11
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I'm new to C and programming in general (some minimal prior exposure to JS and python). This is also my first time working with shell commands, scripts, and cron. This program works on my macOS and Lubuntu running on a VM (so long as you run as root).

Using this program, you can set times throughout the day when your wifi turns off automatically. When your wifi is off, you can still manually turn on wifi for urgent situations for a short time (default is 30 seconds) before the program automatically turns off the wifi again.

The code is separated into 2 C programs and 1 shell script.

checkon.sh (runs in bg and turns off wifi after a short time if it detects it was turned on)

#!/bin/bash

# Check OS
if [[ "$OSTYPE" == "linux-gnu"* ]]; then
        # If wifi on for ubuntu, keyword is UP
        wifion=UP
elif [[ "$OSTYPE" == "darwin"* ]]; then
        # Name of Wi-Fi device is en0
        device=en0
        # If wifi on for osx, keyword is active
        wifion=active
fi

# Check status of wi-fi device (is it active or inactive?)
status() {
        if [[ "$OSTYPE" == "linux-gnu"* ]]; then
                ip l show enp0s3 | awk '/state/{print $9}'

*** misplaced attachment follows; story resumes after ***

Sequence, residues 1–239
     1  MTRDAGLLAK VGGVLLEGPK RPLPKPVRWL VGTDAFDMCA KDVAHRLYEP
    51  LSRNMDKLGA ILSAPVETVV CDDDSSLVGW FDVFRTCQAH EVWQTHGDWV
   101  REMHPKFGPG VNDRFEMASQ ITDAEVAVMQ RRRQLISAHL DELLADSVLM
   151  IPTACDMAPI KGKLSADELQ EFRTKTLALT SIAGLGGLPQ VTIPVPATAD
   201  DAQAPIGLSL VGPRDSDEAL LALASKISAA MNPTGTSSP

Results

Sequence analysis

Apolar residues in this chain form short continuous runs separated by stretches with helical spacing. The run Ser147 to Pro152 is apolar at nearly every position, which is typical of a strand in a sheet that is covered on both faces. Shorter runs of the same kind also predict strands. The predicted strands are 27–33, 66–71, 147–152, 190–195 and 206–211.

elif [[ "$OSTYPE" == "darwin"* ]]; then
                /sbin/ifconfig $device | awk '/status:/{print $2}'
        fi
}

# If wifi is on, turn off after X seconds
isactive() {
        sleep 30
        if [[ "$OSTYPE" == "linux-gnu"* ]]; then
                nmcli networking off
        elif [[ "$OSTYPE" == "darwin"* ]]; then
                /usr/sbin/networksetup -setairportpower $device off
        fi
}

# Every 5 seconds, check if wifi is active or inactive
while :; do
        if [[ "$(status)" == "$wifion" ]]
        then isactive
        fi
        sleep 5
done

setcheck.c (cron will launch this program)

#include <stdio.h>  // For strerror()
#include <stdlib.h> // For exit() and system()
#include <string.h> // For strcmp()
#include <unistd.h> // For fork(), getcwd()
#include <errno.h>  // For errno
#include <time.h>   // For time()

// Determine os
#if __APPLE__
    #define PLATFORM_NAME "apple"
#elif __linux__
    #define PLATFORM_NAME "linux"
#endif

#define MAXLINE 1000

// 1) If I don't assign macro to a variable, compiler will warn that code
// strcmp(PLATFORM_NAME, "apple") will result in unreachable code. 
// Need to determine condition at run-time vs compile-time.
// 2) Need `static` to avoid -Wmissing-variable-declaration warning
static char os[MAXLINE];

int startcheck(void);
int endcheck(void);
int pmessages(char *message);
int turnonwifi(void);
int turnoffwifi(void);

// Cron calls main(), telling it to either turn on wifi (normal state)
// or turn off wifi (run script)
int main(int argc, char *argv[]) {
    strcpy(os, PLATFORM_NAME);
        if (argc == 1) {
                printf("Include argument 'wifion' or 'wifioff'\n");
                return 1;
        }

        // Turn off or on the background script